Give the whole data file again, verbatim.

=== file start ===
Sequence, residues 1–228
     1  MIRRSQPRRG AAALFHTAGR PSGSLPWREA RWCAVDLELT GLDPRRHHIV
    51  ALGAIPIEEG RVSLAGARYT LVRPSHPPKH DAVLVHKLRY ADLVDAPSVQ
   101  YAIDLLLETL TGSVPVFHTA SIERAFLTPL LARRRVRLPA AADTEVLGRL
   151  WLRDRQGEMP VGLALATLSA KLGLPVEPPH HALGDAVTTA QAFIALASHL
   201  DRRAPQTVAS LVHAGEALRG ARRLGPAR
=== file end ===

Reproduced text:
Sequence, residues 1–228
     1  MIRRSQPRRG AAALFHTAGR PSGSLPWREA RWCAVDLELT GLDPRRHHIV
    51  ALGAIPIEEG RVSLAGARYT LVRPSHPPKH DAVLVHKLRY ADLVDAPSVQ
   101  YAIDLLLETL TGSVPVFHTA SIERAFLTPL LARRRVRLPA AADTEVLGRL
   151  WLRDRQGEMP VGLALATLSA KLGLPVEPPH HALGDAVTTA QAFIALASHL
   201  DRRAPQTVAS LVHAGEALRG ARRLGPAR